The factory in Australia. Image courtesy of Gilmour Space Technologies.

What are your other plans?

Adam: We believe we can send stuff into space so cheap sub-orbitally that we can actually verify our own components in space.

We’re mainly focused on our rockets at the moment, but we have also developed a CubeSat rocket motor, which is a small version of our rocket engine. That’s moving away from what traditional rocket companies do, but we’ve talked to a lot of customers, science organisations, NASA, etc, and there seems to be no real options for smallsat deep space propulsion systems in the market right now. We think our hybrid rockets are fantastic for that, and we’ve tested motors that could take a small CubeSat to the moon or Mars.

What do you think of the future of the space industry?

Adam: I’m extremely bullish. I like to think that the richest people in the world will soon come from the space industry.

I often mention the 2004 XPrize being the catalyst for when I started to believe that this could happen. If you look at the next 100 years, we’re building human infrastructure around the solar system, and there’s a lot of money to be made in asteroid mining, setting up bases, etc. I think the industry’s ripe for change in that costs are plummeting.

The Indian government did a mission to Mars for $73 million and I still think that’s expensive. I think you could do a mission to Mars for $30 million.

The benchmark keeps getting lower and lower.

Michelle: And there’s a growing market for rockets and satellites. Everyone’s into cubesats nowadays; even in Singapore there are people who will teach students how to build one.

Is the startup capital prohibitive in the space industry?

Adam: The startup capital has been massive in the past, but it doesn’t have to be anymore. I think one of the things I’m very positive about – not just in terms of what we’re doing, but what others have done – is to build space technology significantly cheaper than before.

The successful pioneer was SpaceX and they basically built a Falcon 1 rocket with $100 million. It had decent capability, and could take about 1,000kg to LEO. And then they spent another $200 million to develop the Falcon 9. Interestingly, NASA did a study that asked, “How much would it have cost us if we outsourced the Falcon 9 to a normal commercial contractor?” and the estimate was between $1.7 billion to $3.7 billion. So that’s the old way of doing it. The new way of doing it would cost around $300 million. That’s a big difference.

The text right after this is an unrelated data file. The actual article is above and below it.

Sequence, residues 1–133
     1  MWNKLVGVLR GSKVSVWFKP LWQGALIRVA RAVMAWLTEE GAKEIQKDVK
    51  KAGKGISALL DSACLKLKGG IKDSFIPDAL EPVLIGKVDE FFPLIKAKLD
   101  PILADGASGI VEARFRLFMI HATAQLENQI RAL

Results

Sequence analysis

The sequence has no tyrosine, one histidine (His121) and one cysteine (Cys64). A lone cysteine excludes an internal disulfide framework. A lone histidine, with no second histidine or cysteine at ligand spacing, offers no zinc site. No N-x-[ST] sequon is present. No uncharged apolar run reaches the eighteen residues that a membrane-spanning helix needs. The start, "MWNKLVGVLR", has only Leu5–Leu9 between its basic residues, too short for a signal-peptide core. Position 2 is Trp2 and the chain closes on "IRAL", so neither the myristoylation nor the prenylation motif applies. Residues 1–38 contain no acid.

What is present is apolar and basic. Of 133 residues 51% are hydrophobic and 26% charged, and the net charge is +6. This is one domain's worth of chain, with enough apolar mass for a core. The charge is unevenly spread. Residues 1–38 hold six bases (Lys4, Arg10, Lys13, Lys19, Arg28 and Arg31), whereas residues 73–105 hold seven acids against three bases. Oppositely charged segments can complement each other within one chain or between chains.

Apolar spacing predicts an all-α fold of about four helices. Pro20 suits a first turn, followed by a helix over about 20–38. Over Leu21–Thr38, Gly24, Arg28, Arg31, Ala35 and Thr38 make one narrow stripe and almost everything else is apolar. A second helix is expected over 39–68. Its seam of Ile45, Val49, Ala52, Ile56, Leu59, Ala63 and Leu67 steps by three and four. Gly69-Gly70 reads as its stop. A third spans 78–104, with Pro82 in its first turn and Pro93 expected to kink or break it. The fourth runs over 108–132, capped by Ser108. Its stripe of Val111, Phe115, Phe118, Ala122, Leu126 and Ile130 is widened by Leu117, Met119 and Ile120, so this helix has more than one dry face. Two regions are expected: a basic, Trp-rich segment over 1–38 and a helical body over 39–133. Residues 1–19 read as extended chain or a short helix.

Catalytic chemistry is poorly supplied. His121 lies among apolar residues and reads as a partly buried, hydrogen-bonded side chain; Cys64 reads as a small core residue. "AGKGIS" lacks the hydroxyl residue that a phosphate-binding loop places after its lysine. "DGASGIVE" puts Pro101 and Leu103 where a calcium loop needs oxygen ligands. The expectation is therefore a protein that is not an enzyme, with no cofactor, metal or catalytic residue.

How open are VCs to funding space companies?

Adam: For us, it’ll take about 3 years before we start generating revenue – that kind of time frame is scary to a lot of investors, especially here in Singapore.

Many like to invest in a company that already has a revenue stream and that just wants to start accelerating. But the US VC market has embraced [space], and they’ve had some big wins. Rocket Lab has gone up from $100 million to $1 billion in valuation, SpaceX has gone up from a half a billion dollar valuation to, I think the latest valuation is at $25 billion. There’re quite a few companies like Planet Lab and Spire that have become commercially successful from small beginnings, with VC money. So space is finally starting to prove itself as a viable industry.

What about the space industry in Australia, specifically?

Adam: Australia’s share of global space revenues is currently about 0.8%, and that’s all downstream – e.g. from ground stations and data analysis. They’re trying to get that number up to 1.8%, which is the global average.

The good news is that there’re probably more than 10 space technology companies in Australia that have at least 3 fulltime employees working on their technology. So there is the genesis of an industry in Australia. There’s a state government – South Australia – that’s very focused on building a space industry right now. And there’s been this recent ground swell of interest and momentum, which the government has been reacting to positively.

Why does Australia need new regulations and a space agency?

Adam: Right now, Australia has regulations that are incredibly prohibitive to doing any kind of upstream activity like launching satellites or testing anything in space. For example, you need to get insurance of a minimum of $750 million anytime you want to go above 100km. In the US, the insurance that all the launch providers pay is between $20-$45 million.

Also, if you want an approval to launch in Australia, you’ve also got to have your own launch site. It doesn’t make any sense for a single rocket company to have their own launch pad, which is costly and has its own set of regulations to meet. All that’s much better outsourced to a company that does it on behalf of a lot of other companies.

Michelle: The problem is that most people think of space as being very expensive, and that billions and billions of dollars will be needed to fund it.

Adam: But countries like Singapore and Australia can embrace this NewSpace philosophy and start space agencies with much smaller budgets – $50 million, $100 million – spend the money wisely, incubate the industry, let it grow commercially, and they’ll get a fantastic return on their investment.

It doesn’t have to be billions of dollars. It doesn’t even have to be hundreds of millions. It only has to be tens of millions of dollars, and you’ll get quite effective an outcome from that.